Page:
A hexa acid prepared in accordance with -.0'l11' disclosures is a non-oxidizingagent which maybe used advantageously in organic reactions as a condensing or polymerizing or esterifying catalyst, Hexa acid, in the form of an equilibrium product or after isolation as the hexahydrate, is useful also .as an electrolyte. The salts of .the hexa acid are made readily through neutralization of the acid with metaloxides, hydroxides,.carbonates, etc. These salts are applicable, among other purposes, in electroplating, in electrodepositionrof metals from electrolytic baths and for .other electrochemical work. Organic hexafluorophosphates can be prepared and may .find general application in the manufacture oi various organic compounds; when they are utilized :in processes similar to those in which the corresponding perchlorates have been employed or wouldhave been employed, if the perchlorates had been less dangerous, the danger of explosion inherent in use -01 .organicperchloratesdoes not=exist since the hexafillorophosphates are apparently non-explosive. The aromatic diazonium salts, possessing wery limited solubility in waterandexcellentstability in dry form are convenient sources of 'PFaaga which is itself a useful polymerization catalyst.

We shall now set forth more Specifically in :several illustrative instances the mannerinwhich our invention has been employed for the :produc'- tion of useful substances without, :however, :intending thereby to limit orconfineiit thereto.

Example 1.--.48.9 parts of "P205 were added slowly in small portions to 182.5 .parts of liquid anhydrous HF, in a ratio'of '121moles HF lmole P205, cooled with dry ice in a platinum bottle and constantly stirred during the addition of the P205; after gradual warming to room temperature themixturewas found'to contain66.2% HPFe :or approximately 86.7% of the amount theoretically obtainable from said quantities of the ingredients .reacting in accordance with the equation:

65.7 parts of the reaction product were .cooled .in ice and 18.5 parts .of water .of.;.ice -temperature added. The resulting mixture was ,-kept forone day at 10 .C. during which aicrystalli-ne precipitate of 65.4 parts of .hexah-ydrate was formed, ac-

, counting for 86.3% of the HPFs-orlginallygpresent in the reaction product and thus recovered as crystalline hexahydrate.

Example 2.-Anhydrous HF and P205 l'eacted under conditions similar :to those 'in :Example .11 but in the proportion of I1=5partsanhydrousHF and 2.4 parts BzOainla-ratio Qfit211531101fi3 HP: 1

mole P205, produced a solution containing 51.1% HPFo or 98.9% of the quantity theoretically obtainable from reaction of thestated quantities of the reactants.

Example 3.-36.8 parts of HPO3 mixed slowly at ice temperature with 55.8 parts of anhydrous HF, in a ratio of 6.064 moles HF 1 mole HPOs, were agitated mechanically for one day in a closed platinum bottle maintained at a temperature of 10 C. The resulting solution on analysis was found to contain 60.9% I-IPFs or 83.9% of the quantity theoretically obtainable from the initial amounts of the ingredients reacting in accordance with the equation:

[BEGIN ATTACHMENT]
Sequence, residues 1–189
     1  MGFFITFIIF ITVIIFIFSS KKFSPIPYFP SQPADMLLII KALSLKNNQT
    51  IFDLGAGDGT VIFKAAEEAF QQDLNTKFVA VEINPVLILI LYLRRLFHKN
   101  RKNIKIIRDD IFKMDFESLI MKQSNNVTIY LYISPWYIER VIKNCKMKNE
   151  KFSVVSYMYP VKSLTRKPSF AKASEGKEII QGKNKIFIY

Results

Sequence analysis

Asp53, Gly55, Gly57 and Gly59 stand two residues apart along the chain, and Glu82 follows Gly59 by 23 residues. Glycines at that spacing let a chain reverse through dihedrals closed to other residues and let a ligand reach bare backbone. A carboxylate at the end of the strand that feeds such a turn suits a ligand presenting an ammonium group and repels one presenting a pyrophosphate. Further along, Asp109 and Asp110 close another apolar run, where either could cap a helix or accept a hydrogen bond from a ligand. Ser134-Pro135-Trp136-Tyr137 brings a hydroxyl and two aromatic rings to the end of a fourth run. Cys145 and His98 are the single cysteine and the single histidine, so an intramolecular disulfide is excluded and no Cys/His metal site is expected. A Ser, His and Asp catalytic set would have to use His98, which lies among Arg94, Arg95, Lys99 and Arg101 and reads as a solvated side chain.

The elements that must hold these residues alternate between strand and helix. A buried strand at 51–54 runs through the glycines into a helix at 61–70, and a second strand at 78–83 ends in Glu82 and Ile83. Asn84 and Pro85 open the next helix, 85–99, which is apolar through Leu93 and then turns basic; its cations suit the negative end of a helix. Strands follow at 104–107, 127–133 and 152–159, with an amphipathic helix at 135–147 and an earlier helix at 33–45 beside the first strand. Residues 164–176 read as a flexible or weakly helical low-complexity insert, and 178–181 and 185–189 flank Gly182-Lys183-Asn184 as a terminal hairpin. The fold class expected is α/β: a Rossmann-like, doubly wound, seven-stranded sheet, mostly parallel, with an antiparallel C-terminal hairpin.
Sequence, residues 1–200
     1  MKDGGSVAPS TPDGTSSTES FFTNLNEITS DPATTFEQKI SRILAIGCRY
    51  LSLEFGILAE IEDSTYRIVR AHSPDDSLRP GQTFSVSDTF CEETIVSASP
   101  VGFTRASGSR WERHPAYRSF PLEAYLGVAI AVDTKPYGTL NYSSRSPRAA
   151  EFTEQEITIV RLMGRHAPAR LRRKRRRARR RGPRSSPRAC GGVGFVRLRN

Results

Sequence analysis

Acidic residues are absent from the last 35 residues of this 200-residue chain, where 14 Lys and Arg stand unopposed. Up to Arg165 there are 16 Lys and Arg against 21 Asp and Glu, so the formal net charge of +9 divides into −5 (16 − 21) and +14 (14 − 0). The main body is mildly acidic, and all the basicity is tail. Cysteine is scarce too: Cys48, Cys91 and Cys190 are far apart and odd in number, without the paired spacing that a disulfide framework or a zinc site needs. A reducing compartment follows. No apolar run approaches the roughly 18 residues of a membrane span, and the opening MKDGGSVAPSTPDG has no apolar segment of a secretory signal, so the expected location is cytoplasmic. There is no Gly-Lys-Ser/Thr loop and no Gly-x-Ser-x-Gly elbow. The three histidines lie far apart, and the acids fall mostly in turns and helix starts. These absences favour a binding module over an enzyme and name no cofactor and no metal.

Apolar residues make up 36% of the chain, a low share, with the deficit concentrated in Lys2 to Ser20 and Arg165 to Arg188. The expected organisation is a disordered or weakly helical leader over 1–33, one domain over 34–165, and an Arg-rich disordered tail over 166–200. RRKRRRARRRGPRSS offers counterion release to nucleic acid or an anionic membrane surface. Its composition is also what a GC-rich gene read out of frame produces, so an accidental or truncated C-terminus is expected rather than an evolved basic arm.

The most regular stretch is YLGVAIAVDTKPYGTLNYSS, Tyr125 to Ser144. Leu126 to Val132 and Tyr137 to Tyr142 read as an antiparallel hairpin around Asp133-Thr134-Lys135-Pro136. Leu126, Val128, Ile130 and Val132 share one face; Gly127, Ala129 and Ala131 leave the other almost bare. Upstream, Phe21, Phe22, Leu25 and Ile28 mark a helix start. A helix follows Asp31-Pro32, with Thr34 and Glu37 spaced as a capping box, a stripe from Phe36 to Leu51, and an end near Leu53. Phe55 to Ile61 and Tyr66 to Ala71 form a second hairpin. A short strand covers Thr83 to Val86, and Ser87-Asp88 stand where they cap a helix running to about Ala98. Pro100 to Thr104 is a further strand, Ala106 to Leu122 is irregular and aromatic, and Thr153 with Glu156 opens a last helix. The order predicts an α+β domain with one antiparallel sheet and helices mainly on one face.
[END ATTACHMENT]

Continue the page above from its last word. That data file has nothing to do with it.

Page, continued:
Example 4.50 parts of liquid anhydrous HF in a platinum bottle was cooled with brine at -10 C.; water-free H3P04 was slowly added to the HF while the latter was being stirred, until 40 parts in all had been supplied, in a ratio of 6.124 moles HF 1 mole H3PO4. The whole mixture was then allowed to warm gradually to room temperature, a portion of the product analyzed and the HPFs content determined with nitron (C20H16N4) In accordance with the equation, HsPO4+6HF::I-IPFs+4l-IzO, a solution containing 66.2% HPFs theoretically should have been produced; analysis showed 52.0% HPFs actually present, indicating an actual yield of 78.5% of the theoretical one.

A quantity of the solution was set aside for one day and maintained at temperature of 15 0.: a cake formed consisting of coarse grainy crystals which after separation from the liquid and drying between layers of thoroughly pre-dried filter paper were found to consist of substantially pure hexahydrate in a yield of 60.7 parts and to contain 74.5% of the HPFe originally in the solution. The remaining liquid contained but relatively little water inasmuch as originally there was not enough to supply water of crystallization for all the HPFs, thus indicating that a larger yield of hexahydrate might have been obtained had more water been present. The crystals on analysis were found to contain 57.38% HPFs, as compared with 57.46%, the theoretical value of HPFc in the hexahydrate.